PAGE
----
(-) Many of the poor families have not received the housing material and equipment they
were promised. Truck drivers require them to pay to receive the equipment, but these
families cannot afford the $10 bribe, and end up staying under plastic sheeting, or going
back to Phnom Penh.
(-) The living conditions of most families were much better in Tonle Basac. They were not
the poorest. In Samaki, they do not have access to basic services, loss their jobs and
all access to employment opportunities (the round trip to Phnom Penh costs 10,000
(-) Overall people and their leaders have been put in a position were they have very little
control over the planning process. They are dependent on the support of NGOs and
authorities and are losing much confidence in their ability to provide for their families.
(-) The water from the 7 wells drilled by the Municipality is not potable. Given the distance
to Phnom Penh, it is unlikely that the Phnom Penh Water Supply authority can provide
regular access before several years.
(-) Many people are sick from the low quality of water and from the heat. The local health
post yet only has basic medicines, and no doctor is available.
(-) Although there is a primary school nearby, children have to go to the city to attend high
school. Transportation costs prevent the poorest children from attending school.
(-) There is no drainage or sewerage system, and parts of the site are flooded for several
days after each rain. Poor families cannot pay for landfilling and have water in their
houses. People throw household water behind their houses
Comparative analysis of resettlements in PP 6
(-) While many of the poor were excluded from the relocation process, clearly ineligible
families received free benefit from it. Several resettled families own cars, some were
local usurers in Tonle Basac who are thriving in Samaki, and others are used to cheat
donor agencies to get plots on several relocations sites, that they then rent out.
PART II - ANALYSIS IN TERMS OF THE POVERTY REDUCTION STRATEGY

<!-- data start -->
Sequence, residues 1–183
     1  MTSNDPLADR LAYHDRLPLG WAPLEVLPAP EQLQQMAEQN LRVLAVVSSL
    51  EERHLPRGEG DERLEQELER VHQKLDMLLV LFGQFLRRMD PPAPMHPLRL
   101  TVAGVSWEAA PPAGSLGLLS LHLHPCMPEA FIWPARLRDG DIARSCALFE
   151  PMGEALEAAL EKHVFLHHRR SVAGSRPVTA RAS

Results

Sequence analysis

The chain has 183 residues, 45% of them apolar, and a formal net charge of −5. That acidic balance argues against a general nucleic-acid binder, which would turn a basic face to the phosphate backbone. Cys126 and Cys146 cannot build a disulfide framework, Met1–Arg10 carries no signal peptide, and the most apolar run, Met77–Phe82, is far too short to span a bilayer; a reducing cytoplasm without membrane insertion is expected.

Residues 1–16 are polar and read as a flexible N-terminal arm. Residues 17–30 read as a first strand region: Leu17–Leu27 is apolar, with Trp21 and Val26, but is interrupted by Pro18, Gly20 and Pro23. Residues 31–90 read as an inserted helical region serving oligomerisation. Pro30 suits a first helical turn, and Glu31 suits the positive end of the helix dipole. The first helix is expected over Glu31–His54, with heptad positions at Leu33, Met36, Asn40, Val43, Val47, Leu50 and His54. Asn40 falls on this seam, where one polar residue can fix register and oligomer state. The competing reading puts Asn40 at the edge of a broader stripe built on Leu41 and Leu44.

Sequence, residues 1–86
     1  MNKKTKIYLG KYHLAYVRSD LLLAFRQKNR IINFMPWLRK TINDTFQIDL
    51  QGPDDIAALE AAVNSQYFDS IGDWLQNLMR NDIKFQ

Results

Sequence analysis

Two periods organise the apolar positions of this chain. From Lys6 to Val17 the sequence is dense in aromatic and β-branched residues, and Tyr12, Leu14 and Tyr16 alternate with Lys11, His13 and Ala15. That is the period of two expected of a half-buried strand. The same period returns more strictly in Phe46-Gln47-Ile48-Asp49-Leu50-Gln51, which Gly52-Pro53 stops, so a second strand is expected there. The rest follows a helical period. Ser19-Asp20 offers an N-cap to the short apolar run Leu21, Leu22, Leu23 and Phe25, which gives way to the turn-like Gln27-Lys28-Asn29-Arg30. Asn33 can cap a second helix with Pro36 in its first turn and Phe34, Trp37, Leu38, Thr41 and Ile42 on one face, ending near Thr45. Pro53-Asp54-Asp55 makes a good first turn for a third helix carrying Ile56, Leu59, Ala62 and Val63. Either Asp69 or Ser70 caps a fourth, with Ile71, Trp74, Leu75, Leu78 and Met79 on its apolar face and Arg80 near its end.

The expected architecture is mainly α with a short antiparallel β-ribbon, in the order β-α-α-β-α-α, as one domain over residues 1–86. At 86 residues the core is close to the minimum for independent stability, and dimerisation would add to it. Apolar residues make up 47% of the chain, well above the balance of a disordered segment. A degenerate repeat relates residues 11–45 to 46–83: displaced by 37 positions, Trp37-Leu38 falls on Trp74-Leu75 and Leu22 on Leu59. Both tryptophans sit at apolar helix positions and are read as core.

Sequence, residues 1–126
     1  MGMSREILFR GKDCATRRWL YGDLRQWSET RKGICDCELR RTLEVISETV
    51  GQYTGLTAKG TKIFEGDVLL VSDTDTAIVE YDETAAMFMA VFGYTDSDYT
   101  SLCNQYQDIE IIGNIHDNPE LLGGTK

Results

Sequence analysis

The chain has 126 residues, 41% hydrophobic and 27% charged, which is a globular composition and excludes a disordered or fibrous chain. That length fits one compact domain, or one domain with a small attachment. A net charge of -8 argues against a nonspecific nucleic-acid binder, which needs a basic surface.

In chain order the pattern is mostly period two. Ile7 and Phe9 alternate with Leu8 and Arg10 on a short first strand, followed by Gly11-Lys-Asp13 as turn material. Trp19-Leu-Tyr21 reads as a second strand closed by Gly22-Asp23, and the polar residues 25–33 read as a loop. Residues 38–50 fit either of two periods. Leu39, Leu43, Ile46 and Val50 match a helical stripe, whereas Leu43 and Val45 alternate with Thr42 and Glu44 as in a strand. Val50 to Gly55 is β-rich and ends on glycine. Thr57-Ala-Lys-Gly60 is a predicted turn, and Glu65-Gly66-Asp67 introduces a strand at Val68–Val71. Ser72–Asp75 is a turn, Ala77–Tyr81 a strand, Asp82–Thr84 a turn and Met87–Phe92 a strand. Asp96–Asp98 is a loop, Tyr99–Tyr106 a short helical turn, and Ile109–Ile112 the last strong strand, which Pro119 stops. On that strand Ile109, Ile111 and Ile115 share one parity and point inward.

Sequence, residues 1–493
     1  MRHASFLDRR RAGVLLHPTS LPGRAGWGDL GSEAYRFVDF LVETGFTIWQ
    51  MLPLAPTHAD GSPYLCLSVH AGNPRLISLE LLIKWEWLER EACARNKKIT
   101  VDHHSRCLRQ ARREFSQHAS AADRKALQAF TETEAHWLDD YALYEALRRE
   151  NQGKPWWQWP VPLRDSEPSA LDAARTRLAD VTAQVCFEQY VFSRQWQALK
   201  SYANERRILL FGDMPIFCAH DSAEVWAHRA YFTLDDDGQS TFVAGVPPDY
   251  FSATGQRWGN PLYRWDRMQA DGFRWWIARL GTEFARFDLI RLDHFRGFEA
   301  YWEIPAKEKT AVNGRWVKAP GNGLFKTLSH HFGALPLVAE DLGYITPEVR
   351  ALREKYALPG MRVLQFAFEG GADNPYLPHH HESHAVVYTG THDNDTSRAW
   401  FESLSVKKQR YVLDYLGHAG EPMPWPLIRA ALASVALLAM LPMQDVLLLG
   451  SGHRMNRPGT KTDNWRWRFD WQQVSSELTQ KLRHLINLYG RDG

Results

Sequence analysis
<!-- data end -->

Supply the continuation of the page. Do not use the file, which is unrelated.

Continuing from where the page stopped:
Overall, are these three projects achieving their goals of poverty reduction? Although it will
take years before one can fairly assess the impacts of these interventions, the results outlined
from the case studies suggest a few directions to build on the existing strengths of some of the
approaches, and to re-orient others.
This suggestions are presented following the three strategic directions of the urban poverty
reduction strategy in Phnom Penh.
4. Improving access to basic services
The provision of land onto which people have a legal right of tenure is the main achievements
of the relocation projects so far. Yet, housing is not merely the provision of land and basic
shelter and the relative success of Ko Kleang 1 and Ko Kleang 2 is due to the provision of
basic services along with the land and shelter. Road access, water supply and sanitation
services are the most basic services for survival, before health and education services, solid
waste management, and electricity. Without these basic services, people cannot stay in the
The case of Samaki exemplifies that the first to leave a site without access to basic amenities
are the poorest who cannot afford the high price of trucked-in water, while having no income
provision. In contrast, the key of the success of Ko Kleang 1 was the community planning
process that started way before the actual relocation and allowed people to plan for access to